BIGFOOT monster truck goes electric
A "green" car-stomping, metal-twisting, glass-shattering monster truck may seem like an oxymoron, but it's also a reality. BIGFOOT, one of the most famous monster trucks in the world, has received an all-electric makeover. Bigfoot 4x4, Inc. teamed up with battery manufacturer EnerSys to create the ODYSSEY Battery BIGFOOT No. 20 Monster Truck, which is claimed to be the world's first electric monster truck. We'll just go ahead and call it E-BIGFOOT.
E-BIGFOOT uses 36 ODYSSEY PC1200 car batteries, thirty of which power the custom-built DC electric motor that was developed by Phoenix-based motor builder Dennis Berube. The motor puts out 350 horses and more than 800 lb-ft (1,085 Nm) of direct-drive torque. A ProFab transfer case routes power to the custom-built driveshafts, and onward to the ZF planetary axles. Internal wet disc brakes provide stopping power.
Sick of Ads?
More than 700 New Atlas Plus subscribers read our newsletter and website without ads.
Join them for just US$19 a year.More Information
The remaining six batteries are dedicated to powering the braking and steering systems. In all, the batteries weigh around 1,375 pounds (624 kg), making up a fair chunk of BIGFOOT 20's 11,000-pound (4,990 kg) weight.
Those 11,000 pounds include a custom-designed fiberglass Super Duty body mounted atop a BIGFOOT racing chassis. The 25-inch custom steel wheels wrapped in bloated, 66-inch Firestone tires are suspended by eight nitrogen-charged Knight Stalker monster-truck racing shocks.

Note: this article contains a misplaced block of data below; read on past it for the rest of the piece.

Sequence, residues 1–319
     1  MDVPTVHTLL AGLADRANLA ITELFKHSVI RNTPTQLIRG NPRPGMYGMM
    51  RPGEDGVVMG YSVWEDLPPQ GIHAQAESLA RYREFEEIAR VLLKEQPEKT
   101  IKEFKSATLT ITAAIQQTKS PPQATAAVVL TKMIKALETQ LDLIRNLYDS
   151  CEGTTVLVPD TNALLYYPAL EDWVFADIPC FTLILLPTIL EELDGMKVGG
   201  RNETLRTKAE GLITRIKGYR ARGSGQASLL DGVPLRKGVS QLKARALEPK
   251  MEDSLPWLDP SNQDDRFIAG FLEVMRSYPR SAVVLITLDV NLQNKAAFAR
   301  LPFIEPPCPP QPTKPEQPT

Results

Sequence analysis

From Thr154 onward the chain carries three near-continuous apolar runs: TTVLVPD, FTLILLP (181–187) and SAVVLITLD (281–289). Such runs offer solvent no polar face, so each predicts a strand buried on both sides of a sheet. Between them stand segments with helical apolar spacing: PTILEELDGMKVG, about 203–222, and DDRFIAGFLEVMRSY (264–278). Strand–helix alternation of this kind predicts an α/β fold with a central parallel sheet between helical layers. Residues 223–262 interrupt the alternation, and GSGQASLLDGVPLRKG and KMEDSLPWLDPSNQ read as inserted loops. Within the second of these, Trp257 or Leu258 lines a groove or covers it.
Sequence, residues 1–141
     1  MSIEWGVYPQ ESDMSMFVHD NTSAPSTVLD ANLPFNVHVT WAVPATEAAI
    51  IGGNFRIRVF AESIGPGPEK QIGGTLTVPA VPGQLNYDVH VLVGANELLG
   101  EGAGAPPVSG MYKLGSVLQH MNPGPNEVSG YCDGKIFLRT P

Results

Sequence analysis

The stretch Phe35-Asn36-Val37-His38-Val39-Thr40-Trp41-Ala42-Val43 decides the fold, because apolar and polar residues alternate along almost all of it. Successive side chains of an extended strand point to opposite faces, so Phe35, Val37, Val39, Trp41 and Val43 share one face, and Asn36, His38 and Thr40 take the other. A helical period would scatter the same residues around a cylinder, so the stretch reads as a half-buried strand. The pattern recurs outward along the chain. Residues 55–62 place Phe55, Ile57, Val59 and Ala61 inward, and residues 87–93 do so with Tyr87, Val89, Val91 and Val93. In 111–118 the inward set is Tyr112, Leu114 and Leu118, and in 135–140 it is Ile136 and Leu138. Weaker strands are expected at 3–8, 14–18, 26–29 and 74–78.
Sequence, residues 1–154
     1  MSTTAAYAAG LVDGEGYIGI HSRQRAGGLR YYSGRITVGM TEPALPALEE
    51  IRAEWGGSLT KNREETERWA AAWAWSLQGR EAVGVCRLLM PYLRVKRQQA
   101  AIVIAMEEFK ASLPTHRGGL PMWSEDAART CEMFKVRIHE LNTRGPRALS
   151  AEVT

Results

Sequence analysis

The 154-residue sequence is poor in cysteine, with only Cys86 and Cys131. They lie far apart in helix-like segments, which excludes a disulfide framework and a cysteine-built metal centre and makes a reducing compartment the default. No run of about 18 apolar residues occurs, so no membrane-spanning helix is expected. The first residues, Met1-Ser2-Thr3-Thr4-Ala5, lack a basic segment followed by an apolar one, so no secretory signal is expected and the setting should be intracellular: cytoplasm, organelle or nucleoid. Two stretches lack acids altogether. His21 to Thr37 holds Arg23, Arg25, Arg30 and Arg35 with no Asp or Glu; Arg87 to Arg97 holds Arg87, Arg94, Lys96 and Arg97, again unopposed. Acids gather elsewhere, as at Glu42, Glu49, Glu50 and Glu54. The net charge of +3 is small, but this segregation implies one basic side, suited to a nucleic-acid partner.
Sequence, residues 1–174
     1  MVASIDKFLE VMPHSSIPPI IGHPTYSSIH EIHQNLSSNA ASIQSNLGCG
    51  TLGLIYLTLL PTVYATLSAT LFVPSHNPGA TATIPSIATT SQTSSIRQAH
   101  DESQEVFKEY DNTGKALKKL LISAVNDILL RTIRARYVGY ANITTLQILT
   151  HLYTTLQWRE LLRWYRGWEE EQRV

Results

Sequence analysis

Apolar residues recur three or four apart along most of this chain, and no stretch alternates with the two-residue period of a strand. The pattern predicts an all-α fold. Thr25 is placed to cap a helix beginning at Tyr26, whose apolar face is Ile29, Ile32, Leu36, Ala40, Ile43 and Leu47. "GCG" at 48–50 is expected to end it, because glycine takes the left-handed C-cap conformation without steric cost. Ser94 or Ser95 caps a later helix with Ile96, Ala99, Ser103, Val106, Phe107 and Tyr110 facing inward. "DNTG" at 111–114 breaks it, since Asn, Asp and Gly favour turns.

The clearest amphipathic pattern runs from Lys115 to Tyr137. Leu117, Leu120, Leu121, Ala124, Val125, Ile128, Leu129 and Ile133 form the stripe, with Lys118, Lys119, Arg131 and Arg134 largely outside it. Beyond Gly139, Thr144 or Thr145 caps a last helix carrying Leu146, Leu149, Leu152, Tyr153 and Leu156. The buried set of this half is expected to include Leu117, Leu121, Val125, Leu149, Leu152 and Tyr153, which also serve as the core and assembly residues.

E-BIGFOOT debuted at the SEMA show this past October and crushed its first cars in Missouri about a week later. The BIGFOOT team plans to continue testing and tweaking it before taking it on the monster truck circuit next year. Specific dates will be announced in the near future.
There's no word on how far the electric motor can push the beast of a truck, but given that the BIGFOOT EV will spend most of its time rolling over cars in the confines of an arena, we don't think any drivers will be too inconvenienced by a dead battery.
"A lot of naysayers speculated that we'd never even make it to the cars, much less on top of them," said Bob Trent, a BIGFOOT VP. "And now we just ran this thing for more than 20 minutes without recharging it. This is really just the start of what this truck can, and will do."
You can watch exactly what it can do in the short clip below. Some folks will certainly be taken aback by the lack of a screen-rattling truck-engine soundtrack, but the vivid crunching and crackling of the cars underfoot provide an interesting substitute.